Iveco Stralis AT440S46T/P

 

Iveco’s new Stralis demonstrates the design and performance improvements we’ve all been waiting for

 

By Steev Hayes
Photography Iveco / Steev Hayes

It was half way through last year that Iveco launched its all-new Stralis range (Trucking, August, 2012), having already announced production of an engine which met Euro 6 emissions standards just using selective catalytic reduction (SCR). The new truck had been long-awaited by an eager press and an industry curious to see what Iveco would come up with.

The Italian truck maker has been ramping up its game in an attempt to win greater driver acceptance and grab a bigger slice of market share. Iveco is the first to acknowledge it had problems in the past – both with its products and with support – but is confident those issues have all been addressed, and the new Stralis marks a new beginning.

The cab has the familiar looks of the previous model, but the aerodynamics are markedly improved, with smoother lines and softened corners. Iveco feels some modern trucks still have a fairly aggressive look to them, so the new Stralis has a smiley appearance at the front and, with ultra-clean Euro 5 EEV and Euro 6 engines available, they are likely to be welcomed into urban areas as they go about their business.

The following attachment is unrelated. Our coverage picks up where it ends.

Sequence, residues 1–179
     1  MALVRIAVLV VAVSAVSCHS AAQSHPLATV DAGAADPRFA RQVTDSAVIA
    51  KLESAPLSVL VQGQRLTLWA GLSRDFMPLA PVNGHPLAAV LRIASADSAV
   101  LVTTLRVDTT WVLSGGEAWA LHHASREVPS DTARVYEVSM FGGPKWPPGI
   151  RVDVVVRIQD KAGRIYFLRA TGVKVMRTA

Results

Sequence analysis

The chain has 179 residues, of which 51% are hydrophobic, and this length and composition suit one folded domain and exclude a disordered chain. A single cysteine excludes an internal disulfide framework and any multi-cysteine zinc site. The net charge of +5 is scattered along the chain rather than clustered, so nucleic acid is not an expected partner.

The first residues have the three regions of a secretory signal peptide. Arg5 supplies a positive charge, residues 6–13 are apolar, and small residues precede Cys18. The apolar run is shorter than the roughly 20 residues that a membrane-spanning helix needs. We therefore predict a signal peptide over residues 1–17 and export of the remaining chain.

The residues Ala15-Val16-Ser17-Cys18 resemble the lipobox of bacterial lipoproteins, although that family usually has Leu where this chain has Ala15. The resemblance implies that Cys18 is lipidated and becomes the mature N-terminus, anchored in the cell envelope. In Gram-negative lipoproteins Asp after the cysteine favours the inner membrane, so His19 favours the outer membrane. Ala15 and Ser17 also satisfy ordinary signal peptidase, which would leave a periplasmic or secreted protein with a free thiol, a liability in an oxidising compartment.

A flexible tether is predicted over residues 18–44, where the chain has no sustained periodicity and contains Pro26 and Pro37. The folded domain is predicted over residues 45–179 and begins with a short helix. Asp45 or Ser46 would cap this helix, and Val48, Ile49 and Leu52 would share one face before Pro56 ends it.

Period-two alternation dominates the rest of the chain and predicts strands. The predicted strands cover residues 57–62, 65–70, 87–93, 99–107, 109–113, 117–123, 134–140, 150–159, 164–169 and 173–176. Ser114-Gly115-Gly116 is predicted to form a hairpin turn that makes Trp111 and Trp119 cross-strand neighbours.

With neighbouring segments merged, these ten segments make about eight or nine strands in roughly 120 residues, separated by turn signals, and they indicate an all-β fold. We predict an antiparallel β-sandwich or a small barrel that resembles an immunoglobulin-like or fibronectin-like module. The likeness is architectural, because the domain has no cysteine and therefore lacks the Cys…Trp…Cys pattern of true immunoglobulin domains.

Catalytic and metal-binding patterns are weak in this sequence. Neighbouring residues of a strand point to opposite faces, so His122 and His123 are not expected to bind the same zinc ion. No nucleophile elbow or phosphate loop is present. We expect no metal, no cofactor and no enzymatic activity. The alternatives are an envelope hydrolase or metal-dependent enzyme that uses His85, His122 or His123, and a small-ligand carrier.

road test

Class and comfort
On the inside, the driver’s life has been made a whole lot better. Once in the cab, it becomes evident this is more than just another fleet-spec truck – it has a touch of class about it. Materials used on the inside are of high quality, but also appear to be made to last and should cope with wear and tear of daily life on the road. The dash is ergonomically-designed, with a wrap-around driver’s workplace area.

Switches, while still nice and chunky, are improved and more user-friendly. They too have a feel of quality about them. The steering wheel is shaped and has ‘grip’ portions at the optimum position for the driver’s hands. The stalks which control the indicators, wipers, headlight dip and main beam, and cruise control are solidly crafted, and the transmission controls are now push buttons on the dash – a move which has opened up interior space by losing the gearshift lever console. The bunk, which offers improved comfort through use of slats in the base and a better mattress, is shaped and is wider on the passenger side, tapering behind the driver’s seat. The driver would probably choose to sleep with his head at the wider end. This would take him away from the side of the truck most likely to be closer to passing traffic, in the likely event he would have to park up in a lay-by overnight.

A high roof and good-sized overhead lockers give the driver a decent amount of storage space, and the two on either side have locks. The hatches on these are made from quality materials and close with a reassuring ‘clunk’ (as do the cab doors). There are also handy storage lockers under the seats, where drivers can store gear they need to have to hand when making deliveries, or they could use them to hide valuables.


May CoverRead the rest of this test, including spec and verdict, in the May issue of Trucking – available here

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